Significant progress in talks with Sri Lanka: IMF  

Meera Srinivasan | Updated on: Jun 30, 2022
People wait in a queue for gas at the Pellawatte Litro Gas filling station in Colombo, Sri Lanka. Sri Lanka’s dollar bonds due July rebound after Friday’s drop, up almost 5 cents on the dollar in the biggest gain since October, as the government holds bailout talks with the IMF.

People wait in a queue for gas at the Pellawatte Litro Gas filling station in Colombo, Sri Lanka. Sri Lanka’s dollar bonds due July rebound after Friday’s drop, up almost 5 cents on the dollar in the biggest gain since October, as the government holds bailout talks with the IMF. | Photo Credit: Jonathan Wijayaratne

The new IMF-supported program would be to restore macroeconomic stability and debt sustainability, while protecting the poor and vulnerable

 

COLOMBO The International Monetary Fund (IMF) on Thursday said it has made  “significant progress” in talks with Sri Lanka, which has sought the global financial institution’s help to cope with its unprecedented economic crisis. 

Concluding a ten-day visit to the island nation, an IMF team said: “Significant progress was made, and discussions will continue virtually towards reaching a staff-level agreement on the EFF arrangement in the near term.” 

Outlining its proposal for Sri Lanka’s recovery, the Fund said in a statement: “The objectives of the new IMF-supported program would be to restore macroeconomic stability and debt sustainability, while protecting the poor and vulnerable, safeguarding financial stability, and stepping up structural reforms to address corruption vulnerabilities and unlock Sri Lanka’s growth potential.” 

Sri Lanka is counting on the IMF to bail its economy out of crisis, with an Extended Fund Facility. The government is also looking to restructure its piling external debt with the IMF-backed programme. In April 2022, Sri Lanka announced a pre-emptive default on its nearly $ 50 billion foreign loans, amid a severe dollar crunch stemming from a balance of payments crisis. 

Reserves under strain

 

Sri Lanka is still heavily reliant on imports, more so after domestic agriculture production dropped by half after a controversial ban on chemical fertilizer last year. The country spends about two billion dollars on essential imports every month. Gross official reserves in March 2022 stood at $1,917 million, Central Bank data showed. This includes a currency swap from the People’s Bank of China, for nearly US dollars 1.5 billion, usable only based on certain conditions. Effectively, Sri Lanka has about $500 million at its disposal, accounting for a week’s essential imports roughly, or a month’s fuel imports alone. With the government unable to pay for fuel imports, Sri Lankans are currently experiencing acute shortages of petrol, diesel and kerosene, as the country comes to a near-standstill.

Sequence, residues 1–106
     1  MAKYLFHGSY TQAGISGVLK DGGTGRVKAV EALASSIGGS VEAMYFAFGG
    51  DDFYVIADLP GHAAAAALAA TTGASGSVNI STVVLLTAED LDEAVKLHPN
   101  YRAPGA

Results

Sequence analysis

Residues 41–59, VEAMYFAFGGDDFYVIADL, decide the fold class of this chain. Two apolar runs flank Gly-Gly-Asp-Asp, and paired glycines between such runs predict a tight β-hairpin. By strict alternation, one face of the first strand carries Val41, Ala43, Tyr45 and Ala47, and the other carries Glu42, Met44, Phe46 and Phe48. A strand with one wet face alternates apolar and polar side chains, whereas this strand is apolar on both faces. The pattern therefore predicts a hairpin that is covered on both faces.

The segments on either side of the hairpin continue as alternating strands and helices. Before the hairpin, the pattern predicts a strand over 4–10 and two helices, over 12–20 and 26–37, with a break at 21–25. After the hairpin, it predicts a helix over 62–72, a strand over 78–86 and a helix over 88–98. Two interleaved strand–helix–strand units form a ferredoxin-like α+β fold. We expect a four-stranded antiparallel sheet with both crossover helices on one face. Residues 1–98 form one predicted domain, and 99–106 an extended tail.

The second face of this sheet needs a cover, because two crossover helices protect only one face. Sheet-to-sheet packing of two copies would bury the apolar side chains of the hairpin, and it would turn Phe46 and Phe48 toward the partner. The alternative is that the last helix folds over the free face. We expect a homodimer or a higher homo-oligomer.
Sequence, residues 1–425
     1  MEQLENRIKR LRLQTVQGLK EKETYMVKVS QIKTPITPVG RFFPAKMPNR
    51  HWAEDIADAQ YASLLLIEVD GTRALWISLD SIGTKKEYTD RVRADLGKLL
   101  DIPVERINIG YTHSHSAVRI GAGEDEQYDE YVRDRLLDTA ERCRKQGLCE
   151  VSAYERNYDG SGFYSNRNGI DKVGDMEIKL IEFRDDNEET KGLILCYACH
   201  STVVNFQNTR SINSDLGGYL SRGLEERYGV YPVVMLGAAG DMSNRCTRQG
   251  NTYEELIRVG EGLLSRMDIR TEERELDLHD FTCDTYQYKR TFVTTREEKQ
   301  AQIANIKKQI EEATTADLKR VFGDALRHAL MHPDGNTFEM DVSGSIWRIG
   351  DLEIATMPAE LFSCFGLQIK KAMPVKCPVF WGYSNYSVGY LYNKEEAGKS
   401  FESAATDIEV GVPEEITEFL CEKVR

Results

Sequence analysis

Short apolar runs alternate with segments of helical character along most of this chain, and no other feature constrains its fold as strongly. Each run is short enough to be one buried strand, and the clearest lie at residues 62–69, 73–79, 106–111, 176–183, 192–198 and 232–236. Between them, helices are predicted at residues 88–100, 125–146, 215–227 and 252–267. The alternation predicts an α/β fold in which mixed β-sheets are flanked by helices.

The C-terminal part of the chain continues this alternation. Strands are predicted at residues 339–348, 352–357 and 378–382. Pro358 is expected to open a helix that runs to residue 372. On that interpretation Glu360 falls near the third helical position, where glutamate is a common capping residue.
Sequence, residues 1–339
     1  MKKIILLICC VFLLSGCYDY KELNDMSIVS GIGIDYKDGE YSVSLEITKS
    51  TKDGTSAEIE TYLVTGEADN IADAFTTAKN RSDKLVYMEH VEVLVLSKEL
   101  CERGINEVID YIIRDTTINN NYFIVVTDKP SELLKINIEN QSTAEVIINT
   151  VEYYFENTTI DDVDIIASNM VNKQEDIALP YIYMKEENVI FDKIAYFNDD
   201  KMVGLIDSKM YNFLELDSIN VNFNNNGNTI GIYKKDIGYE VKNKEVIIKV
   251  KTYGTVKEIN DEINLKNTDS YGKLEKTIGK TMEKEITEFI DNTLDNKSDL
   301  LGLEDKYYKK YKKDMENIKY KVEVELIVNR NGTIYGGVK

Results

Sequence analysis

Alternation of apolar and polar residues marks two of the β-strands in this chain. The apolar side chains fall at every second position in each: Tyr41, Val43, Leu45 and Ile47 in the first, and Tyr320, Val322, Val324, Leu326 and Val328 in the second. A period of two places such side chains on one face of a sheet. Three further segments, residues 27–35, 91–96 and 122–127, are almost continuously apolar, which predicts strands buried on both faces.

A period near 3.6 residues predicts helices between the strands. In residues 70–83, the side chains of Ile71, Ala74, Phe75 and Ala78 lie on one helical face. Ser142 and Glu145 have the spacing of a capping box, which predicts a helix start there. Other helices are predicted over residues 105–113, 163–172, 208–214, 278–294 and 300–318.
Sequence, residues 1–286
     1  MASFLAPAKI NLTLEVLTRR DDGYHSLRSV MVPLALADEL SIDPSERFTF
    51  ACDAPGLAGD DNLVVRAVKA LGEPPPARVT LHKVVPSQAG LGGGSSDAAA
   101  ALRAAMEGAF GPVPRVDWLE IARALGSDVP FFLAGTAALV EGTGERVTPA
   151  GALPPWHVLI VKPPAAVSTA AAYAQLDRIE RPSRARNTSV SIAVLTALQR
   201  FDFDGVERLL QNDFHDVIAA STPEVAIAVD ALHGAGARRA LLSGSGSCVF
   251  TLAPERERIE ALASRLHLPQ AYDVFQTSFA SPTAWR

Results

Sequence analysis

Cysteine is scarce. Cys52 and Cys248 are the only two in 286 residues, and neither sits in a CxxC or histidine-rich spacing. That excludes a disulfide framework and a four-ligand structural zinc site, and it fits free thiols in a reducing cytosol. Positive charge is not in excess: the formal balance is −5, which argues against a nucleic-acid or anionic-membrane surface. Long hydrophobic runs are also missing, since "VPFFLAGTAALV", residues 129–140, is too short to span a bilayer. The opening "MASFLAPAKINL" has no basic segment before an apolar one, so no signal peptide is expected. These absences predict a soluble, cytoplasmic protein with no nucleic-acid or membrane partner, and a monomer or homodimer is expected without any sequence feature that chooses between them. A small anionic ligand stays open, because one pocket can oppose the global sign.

Prime Minister Ranil Wickremesinghe has warned citizens that the next few months would be “most difficult”, amid shortages and record inflation. India, Sri Lanka’s top lender this year, has extended about $ 3.5 billion assistance by way of currency swaps, credit lines and loan deferment. However, any further bilateral assistance from India or other partners, appears contingent on an IMF programme being finalised, officials in Colombo indicate.  

Political response

Meanwhile, as citizens’ protests continue, demanding that President Gotabaya Rajapaksa step down, the government on Thursday gazetted a constitutional amendment, the 22 nd Amendment Bill, pitching it as political reform. However, it is far from addressing the core demands of the mass agitations, legal experts and government critics contended. 

Colombo-based NGO the Centre for Policy Alternatives noted that the Bill does not curtail the powers of the President, or introduce checks and balances “in any meaningful manner”. “In the absence of any genuine attempt to address the inherent problems of governance, this attempt at reform will only worsen the existing political and economic crisis and destroy whatever little remaining faith citizens might have in constitutional governance,” it said in a statement, deeming the Bill “at best a futile effort in window-dressing” to show the government’s intent for change. 

Published on June 30, 2022
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